The Pledge of Allegiance in the Public School System

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The Pledge of Allegiance in the Public School System
The Pledge of Allegiance has become a major issue for students, teachers, parents and lawmakers. The original intention of the pledge was not to stir up trouble, but for a celebration of Christopher Columbus discovery of the new world. The pledge is no longer thought of as a celebration, but an infringement on children's religious beliefs. Do you believe that children's rights are being infringed on? Some people believe that the pledge is a great honor for our country. It has shown, and provided us with great pride just like our American flag. The Pledge of Allegiance being recited in the public school system does not infringe on the students religious beliefs, but is a way for us to honor our country and everything that we have done to get to this point in history.

In 1892 the Pledge of Allegiance was created by two men Francis Bellamy and James Upham. The intention of the pledge is for it to be used in the 400th anniversary celebration of Christopher Columbus discovery of the new world. The words appeared for the first time in a magazine issue of the "Youth's Companion", where James Upham was employed. Even though the pledge was published there was no author nor was it copyrighted. We have been led to believe that the true author is Francis Bellamy, but there is no concrete evidence of that to date. One month after the pledge was published more than 12 million school children recited the pledge for the first time across the country (Sterner, 1999-2006).

The Pledge of Allegiance has gone through many changes over the years. The original creation of the 23 words read like this, "I pledge allegiance to my Flag, and to the Republic for which it stands: one nation indivisible, With Liberty and Justice for all".

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In 1923 the phrase "my Flag" was changed to "the Flag of the United States", by adults at the National Flag Conference. They were concerned that thousands of immigrants coming to America would misinterpret the word "My Flag", so they change the wording of it. In 1924 the words were changed again to include the words "United States of America". Finally the last change came in 1954 by Dwight D. Eisenhower when the words "one Nation under God" were added. This is how we know the 31 word Pledge of Allegiance today, "I pledge allegiance to the Flag of the United States of America, and to the Republic for which it stands: one Nation under God, indivisible, With Liberty and Justice for all".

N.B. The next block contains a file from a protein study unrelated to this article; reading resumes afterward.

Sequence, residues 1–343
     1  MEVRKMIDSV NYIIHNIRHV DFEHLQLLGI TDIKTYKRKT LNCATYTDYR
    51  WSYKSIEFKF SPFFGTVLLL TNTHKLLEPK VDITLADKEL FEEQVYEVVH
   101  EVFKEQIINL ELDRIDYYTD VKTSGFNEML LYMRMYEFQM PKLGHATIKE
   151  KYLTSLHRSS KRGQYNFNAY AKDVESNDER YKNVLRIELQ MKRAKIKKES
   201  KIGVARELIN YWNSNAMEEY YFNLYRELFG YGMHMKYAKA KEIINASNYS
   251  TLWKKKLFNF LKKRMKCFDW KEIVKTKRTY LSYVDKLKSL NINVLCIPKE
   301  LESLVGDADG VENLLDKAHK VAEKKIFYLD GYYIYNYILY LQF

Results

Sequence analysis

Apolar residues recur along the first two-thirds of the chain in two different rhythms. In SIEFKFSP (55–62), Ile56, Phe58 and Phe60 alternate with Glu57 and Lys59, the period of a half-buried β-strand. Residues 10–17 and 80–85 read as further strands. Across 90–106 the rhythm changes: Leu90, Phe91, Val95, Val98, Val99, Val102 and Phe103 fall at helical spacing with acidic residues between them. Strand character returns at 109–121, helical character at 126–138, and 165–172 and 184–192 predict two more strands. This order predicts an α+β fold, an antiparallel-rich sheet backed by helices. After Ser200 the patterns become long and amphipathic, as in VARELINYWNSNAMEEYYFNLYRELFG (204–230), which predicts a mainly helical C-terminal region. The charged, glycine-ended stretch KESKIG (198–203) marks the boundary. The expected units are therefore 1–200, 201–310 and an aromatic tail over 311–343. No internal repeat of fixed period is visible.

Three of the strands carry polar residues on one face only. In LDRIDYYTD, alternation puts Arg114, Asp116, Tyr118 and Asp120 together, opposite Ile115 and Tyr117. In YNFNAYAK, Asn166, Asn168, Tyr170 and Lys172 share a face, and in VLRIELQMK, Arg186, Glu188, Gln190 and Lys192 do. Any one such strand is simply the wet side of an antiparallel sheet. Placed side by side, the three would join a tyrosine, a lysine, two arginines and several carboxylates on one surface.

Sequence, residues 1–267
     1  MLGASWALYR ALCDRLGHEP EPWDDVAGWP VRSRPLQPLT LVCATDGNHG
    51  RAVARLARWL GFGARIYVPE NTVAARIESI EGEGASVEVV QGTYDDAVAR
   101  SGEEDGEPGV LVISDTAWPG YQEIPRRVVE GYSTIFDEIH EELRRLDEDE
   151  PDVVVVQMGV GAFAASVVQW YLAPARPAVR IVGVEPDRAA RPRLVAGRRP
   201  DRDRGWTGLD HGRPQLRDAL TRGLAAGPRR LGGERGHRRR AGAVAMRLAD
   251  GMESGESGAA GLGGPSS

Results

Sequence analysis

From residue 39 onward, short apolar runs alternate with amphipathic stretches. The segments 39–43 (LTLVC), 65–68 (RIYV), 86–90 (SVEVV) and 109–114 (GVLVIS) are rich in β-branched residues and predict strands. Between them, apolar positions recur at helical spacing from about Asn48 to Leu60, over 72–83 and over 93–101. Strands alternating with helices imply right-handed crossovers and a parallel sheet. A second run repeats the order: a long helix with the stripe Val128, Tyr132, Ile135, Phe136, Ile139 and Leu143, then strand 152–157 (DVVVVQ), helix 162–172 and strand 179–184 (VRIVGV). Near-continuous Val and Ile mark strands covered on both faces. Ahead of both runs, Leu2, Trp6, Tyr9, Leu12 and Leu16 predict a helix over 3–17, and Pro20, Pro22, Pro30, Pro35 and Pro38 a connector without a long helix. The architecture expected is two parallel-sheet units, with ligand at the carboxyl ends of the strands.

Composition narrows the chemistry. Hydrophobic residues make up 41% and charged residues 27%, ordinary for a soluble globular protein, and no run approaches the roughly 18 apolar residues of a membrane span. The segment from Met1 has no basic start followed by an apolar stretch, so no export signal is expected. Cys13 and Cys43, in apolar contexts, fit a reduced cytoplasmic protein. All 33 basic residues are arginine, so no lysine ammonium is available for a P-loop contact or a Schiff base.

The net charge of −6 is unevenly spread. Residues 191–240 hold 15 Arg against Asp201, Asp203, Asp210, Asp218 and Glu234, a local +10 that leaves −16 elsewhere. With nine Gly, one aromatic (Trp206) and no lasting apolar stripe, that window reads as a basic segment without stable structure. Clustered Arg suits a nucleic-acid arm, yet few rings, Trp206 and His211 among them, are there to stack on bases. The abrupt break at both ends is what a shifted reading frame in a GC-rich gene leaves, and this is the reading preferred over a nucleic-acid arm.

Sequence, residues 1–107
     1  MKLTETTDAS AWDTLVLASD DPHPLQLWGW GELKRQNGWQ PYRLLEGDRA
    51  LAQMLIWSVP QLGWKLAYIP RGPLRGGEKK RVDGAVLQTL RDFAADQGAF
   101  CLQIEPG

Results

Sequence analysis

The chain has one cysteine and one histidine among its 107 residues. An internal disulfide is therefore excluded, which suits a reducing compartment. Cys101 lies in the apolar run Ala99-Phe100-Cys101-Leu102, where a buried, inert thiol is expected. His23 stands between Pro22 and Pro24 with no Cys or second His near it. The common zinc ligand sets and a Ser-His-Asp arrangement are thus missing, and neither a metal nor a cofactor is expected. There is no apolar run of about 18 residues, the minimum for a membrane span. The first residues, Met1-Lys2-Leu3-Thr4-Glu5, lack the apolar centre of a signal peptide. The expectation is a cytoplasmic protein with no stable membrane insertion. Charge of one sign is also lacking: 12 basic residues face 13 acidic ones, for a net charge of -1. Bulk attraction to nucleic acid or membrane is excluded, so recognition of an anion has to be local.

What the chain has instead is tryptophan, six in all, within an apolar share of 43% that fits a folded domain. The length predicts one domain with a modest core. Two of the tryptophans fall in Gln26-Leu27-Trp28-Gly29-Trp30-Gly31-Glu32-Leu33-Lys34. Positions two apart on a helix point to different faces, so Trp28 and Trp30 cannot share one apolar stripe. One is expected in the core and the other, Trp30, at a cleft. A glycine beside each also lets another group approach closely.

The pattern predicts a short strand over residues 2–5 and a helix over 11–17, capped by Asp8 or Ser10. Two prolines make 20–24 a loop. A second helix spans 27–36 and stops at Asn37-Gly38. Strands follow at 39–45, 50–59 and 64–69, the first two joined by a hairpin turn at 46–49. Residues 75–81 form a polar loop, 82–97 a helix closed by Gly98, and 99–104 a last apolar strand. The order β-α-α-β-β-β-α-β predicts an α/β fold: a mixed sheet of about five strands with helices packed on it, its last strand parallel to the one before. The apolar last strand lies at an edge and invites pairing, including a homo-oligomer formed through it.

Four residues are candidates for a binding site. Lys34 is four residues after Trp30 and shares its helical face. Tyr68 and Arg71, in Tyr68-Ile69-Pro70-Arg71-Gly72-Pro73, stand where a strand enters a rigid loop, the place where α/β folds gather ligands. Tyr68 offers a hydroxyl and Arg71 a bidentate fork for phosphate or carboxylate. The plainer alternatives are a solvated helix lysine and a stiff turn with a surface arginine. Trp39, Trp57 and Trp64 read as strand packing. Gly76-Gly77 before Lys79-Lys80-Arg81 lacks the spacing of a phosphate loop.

The Pledge of Allegiance was not recognized until 1942 by Congress, and then "in June 1943, the Supreme Court ruled that school children could not be forced to recite it" (Streufert, 2005). With knowing the Supreme Court's ruling, how can some parents say that we are pushing religion on our children today? I believe that reciting the Pledge of Allegiance in school is good for our children today. The pledge gives the students pride and joy to be in this free country, to be proud and to stand tall. Many people can remember in school putting their hand over their heart reciting the Pledge of Allegiance and looking at the Flag of the United States of America and they were honored to be "one Nation". They were not worried about the words "under God", and did not think that two words, meant "be my religion", they are words that bring our once torn country together as one.

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If the words "under God" bother so many people so much, then we should be consistent and remove the two words off of our currency, the Declaration of Independence and the Constitution. If we have to take the words out of the pledge then we should take the words off of our money. What is good for one is good for everyone. The words "under God" some say are unconstitutional and are pushing religion on our youth today. The Federal Appeals Court ruled that the Pledge of Allegiance is an endorsement of religion with the...
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